The overall goal of this project is to explore the regulatory mechanisms that control reproduction using a unique genetic model system, the hypogonadal, GnRH-deficient hpg mouse with replacement of GnRH by targeted gene therapy. The ultimate test for the ability of viral vector systems to successfully direct cell-specific, physiologically regulated GnRH expression and release is the full recovery of reproductive function in the hpg mice. One of the unique features of our viral transgene that is essential for the recreation of reproductive integrity is the use of the GnRH gene with its own cognate promoter. The use of the endogenous GnRH gene promoter may allow regulated, pulsatile GnRH production and release, and hence stimulate pituitary LH and FSH production and lead to activation of the reproductive axis and induction of fertility. Our preliminary studies in hpg females injected with HSV.GnRH.GFP amplicon demonstrate coordinated stimulation of pituitary LH and FSH secretion and ovarian and uterine growth. In the hpg male, we have demonstrated spermatogenesis after delivery of HSV.GnRH.GFP amplicon vector. We hypothesize that delivery and expression of the GnRH gene to hypothalamic neurons in adult female and male hpg mice will result in the full recapitulation of reproductive function. In the first aim, we propose to more fully characterize the extent of reproductive recovery achieved by GnRH gene therapy, including ovarian folliculogenesis and ovulation, spermatogenesis, sexual reproductive behavior and fertility. Successful activation of reproductive function in this model would also suggest that neuronal inputs to GnRH neurons remain intact in hpg mice, so that appropriate modulation of GnRH output can occur. In the second aim, the effects of GnRH rescue on the regulatory mechanisms that control reproduction will be explored, including peripheral modulators such as positive and negative feedback effects of sex steroids, and central modulators such as kisspeptin. The proposed studies provide a genetic model for selective and regulated gene replacement therapy, and thus may have important implications not only for reproductive disorders such as infertility, but also for applications of gene therapy in the neurosciences, for treatment of neurological and other disorders where normal gene regulation is critical.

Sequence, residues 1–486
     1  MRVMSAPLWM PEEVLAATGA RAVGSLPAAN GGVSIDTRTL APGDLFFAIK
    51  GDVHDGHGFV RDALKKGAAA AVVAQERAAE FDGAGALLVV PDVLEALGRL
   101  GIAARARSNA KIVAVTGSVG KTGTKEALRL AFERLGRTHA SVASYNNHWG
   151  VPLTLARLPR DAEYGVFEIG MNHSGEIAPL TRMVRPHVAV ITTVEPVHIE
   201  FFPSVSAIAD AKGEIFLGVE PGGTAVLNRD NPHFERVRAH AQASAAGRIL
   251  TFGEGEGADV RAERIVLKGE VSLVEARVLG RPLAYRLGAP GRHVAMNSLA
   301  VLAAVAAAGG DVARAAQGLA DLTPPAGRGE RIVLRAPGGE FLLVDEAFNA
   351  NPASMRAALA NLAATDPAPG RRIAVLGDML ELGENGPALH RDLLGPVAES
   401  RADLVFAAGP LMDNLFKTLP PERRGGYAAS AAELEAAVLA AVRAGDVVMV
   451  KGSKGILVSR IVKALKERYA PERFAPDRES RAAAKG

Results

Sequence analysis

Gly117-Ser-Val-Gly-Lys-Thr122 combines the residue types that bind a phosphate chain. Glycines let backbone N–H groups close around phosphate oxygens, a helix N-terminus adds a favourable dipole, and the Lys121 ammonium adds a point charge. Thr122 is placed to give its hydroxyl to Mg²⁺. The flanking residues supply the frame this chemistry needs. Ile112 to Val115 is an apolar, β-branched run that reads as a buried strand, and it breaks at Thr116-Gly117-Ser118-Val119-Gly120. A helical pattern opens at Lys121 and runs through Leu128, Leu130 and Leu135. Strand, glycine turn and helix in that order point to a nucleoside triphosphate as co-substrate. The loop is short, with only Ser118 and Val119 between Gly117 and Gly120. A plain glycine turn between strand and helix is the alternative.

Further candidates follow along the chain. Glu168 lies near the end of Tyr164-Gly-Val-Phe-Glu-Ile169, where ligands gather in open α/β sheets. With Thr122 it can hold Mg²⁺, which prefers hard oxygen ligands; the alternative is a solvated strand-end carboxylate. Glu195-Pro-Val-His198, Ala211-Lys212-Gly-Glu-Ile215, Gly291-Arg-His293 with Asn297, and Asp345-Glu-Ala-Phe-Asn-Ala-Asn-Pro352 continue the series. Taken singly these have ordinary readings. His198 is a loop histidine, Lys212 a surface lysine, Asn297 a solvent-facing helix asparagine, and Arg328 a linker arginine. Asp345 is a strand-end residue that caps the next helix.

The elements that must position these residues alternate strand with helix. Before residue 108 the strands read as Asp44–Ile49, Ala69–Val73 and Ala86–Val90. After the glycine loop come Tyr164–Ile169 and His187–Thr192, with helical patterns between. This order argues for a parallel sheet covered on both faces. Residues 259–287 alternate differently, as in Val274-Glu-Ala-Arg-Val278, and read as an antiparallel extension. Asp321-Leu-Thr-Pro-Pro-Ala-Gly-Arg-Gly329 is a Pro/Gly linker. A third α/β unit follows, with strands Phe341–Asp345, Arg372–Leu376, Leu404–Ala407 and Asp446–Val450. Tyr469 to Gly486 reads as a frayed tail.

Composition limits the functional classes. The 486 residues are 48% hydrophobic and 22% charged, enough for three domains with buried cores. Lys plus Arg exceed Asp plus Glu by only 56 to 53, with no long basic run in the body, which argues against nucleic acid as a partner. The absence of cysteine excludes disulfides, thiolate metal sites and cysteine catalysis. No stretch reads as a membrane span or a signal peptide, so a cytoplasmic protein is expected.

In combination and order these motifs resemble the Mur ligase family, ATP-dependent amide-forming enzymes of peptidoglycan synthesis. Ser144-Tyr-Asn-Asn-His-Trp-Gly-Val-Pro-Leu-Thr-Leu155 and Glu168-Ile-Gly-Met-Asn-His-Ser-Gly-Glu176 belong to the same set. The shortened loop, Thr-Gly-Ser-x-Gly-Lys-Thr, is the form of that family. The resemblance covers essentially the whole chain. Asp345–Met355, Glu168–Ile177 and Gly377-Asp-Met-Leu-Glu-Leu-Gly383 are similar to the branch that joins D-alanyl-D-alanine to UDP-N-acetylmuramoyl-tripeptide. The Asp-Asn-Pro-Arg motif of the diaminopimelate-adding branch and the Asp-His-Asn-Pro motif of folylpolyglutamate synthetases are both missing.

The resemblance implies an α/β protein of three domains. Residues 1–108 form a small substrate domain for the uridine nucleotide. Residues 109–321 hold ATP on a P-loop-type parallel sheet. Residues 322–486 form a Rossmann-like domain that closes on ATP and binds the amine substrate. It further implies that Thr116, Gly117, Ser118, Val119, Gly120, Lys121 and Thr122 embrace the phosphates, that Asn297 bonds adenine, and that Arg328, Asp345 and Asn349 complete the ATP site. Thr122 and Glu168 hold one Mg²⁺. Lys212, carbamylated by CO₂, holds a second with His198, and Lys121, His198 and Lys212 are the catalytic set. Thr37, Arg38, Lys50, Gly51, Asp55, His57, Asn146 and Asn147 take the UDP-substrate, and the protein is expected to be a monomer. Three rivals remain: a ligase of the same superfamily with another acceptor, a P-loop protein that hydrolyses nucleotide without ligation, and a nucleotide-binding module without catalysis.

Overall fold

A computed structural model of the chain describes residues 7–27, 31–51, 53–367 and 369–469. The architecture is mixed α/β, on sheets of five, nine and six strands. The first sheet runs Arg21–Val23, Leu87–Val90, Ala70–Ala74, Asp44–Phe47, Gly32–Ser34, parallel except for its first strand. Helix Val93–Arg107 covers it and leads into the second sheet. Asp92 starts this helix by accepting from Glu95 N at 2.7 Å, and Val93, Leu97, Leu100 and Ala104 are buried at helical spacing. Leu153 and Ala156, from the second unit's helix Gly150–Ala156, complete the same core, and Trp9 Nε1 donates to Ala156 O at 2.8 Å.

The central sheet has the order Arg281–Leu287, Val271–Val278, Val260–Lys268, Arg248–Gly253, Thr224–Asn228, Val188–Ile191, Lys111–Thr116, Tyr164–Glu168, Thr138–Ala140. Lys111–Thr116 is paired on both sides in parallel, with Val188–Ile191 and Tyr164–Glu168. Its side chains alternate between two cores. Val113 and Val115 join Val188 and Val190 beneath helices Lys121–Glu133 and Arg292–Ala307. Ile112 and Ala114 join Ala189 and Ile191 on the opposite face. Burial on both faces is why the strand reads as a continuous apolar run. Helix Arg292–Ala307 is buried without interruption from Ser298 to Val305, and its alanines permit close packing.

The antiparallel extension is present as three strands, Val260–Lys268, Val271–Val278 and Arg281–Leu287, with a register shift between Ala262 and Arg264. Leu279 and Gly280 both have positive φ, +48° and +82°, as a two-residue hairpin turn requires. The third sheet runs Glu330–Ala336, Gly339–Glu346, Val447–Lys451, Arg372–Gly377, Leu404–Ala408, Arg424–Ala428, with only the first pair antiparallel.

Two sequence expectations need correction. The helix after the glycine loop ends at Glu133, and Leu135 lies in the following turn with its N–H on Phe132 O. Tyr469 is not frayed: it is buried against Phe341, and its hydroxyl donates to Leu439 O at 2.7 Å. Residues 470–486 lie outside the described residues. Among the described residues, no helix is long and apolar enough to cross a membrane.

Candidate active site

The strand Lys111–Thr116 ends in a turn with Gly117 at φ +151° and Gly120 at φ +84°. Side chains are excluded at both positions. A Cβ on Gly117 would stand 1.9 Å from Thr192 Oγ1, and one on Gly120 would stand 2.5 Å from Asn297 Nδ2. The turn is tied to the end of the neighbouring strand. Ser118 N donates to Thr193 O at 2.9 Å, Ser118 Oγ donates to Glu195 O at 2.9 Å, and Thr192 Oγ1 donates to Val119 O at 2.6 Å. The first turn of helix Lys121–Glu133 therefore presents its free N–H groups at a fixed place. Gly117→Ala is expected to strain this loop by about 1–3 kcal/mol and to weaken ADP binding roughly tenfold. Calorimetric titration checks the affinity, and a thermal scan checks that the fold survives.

Public Health Relevance

The causes of infertility are still not fully understood. Often great sums of money are spent on techniques such as in vitro fertilization, which have varied levels of success and can lead to further stress for those involved. According to the Society of Reproductive Medicine, more than 7.3 million women have trouble getting pregnant or carrying a pregnancy to term. This creates a huge burden on our public health system. The infertility business is a $4 billion a year industry. Understanding the concepts of how reproduction and fertility are regulated at the molecular and genetic level could lead to more specific and reliable treatments that perhaps could even reverse infertility. In addition, based on many gene therapy trials for a wide range of diseases, it appears that the nervous system may offer practical advantages for intervention, including a reduced immune response to vectors and transgenes in the brain parenchyma as compared with other peripheral sites of injection, focal targets that require limited gene delivery within the brain, the presence of only a few normal replicating cells that might be transformed by vector integration into their genome, and the reduced ability of vectors injected into the brain to access germline tissues as compared with peripheral injections. Multiple strategies and clinical trials are being implemented for several diseases of the adult nervous system including Parkinson's disease and glioblastoma multiforme. The development of tools for selective and regulated gene replacement therapy thus will advance the field of gene therapy and may lead to treatments not only for reproductive disorders, but also for treatment of neurological and other disorders.

National Institute of Health (NIH)
Eunice Kennedy Shriver National Institute of Child Health & Human Development (NICHD)
Research Project (R01)
Project #
Application #
Study Section
Integrative and Clinical Endocrinology and Reproduction Study Section (ICER)
Program Officer
Lamar, Charisee A
Project Start
Project End
Budget Start
Budget End
Support Year
Fiscal Year
Total Cost
Indirect Cost
Brigham and Women's Hospital
United States
Zip Code
Navarro, Víctor M; Kaiser, Ursula B (2013) Metabolic influences on neuroendocrine regulation of reproduction. Curr Opin Endocrinol Diabetes Obes 20:335-41
Bianco, Suzy Drummond Carvalho; Kaiser, Ursula B (2013) Molecular biology of the kisspeptin receptor: signaling, function, and mutations. Adv Exp Med Biol 784:133-58
Gill, John C; Navarro, Víctor M; Kwong, Cecilia et al. (2012) Increased neurokinin B (Tac2) expression in the mouse arcuate nucleus is an early marker of pubertal onset with differential sensitivity to sex steroid-negative feedback than Kiss1. Endocrinology 153:4883-93
Gill, John C; Wang, Oulu; Kakar, Shelley et al. (2010) Reproductive hormone-dependent and -independent contributions to developmental changes in kisspeptin in GnRH-deficient hypogonadal mice. PLoS One 5:e11911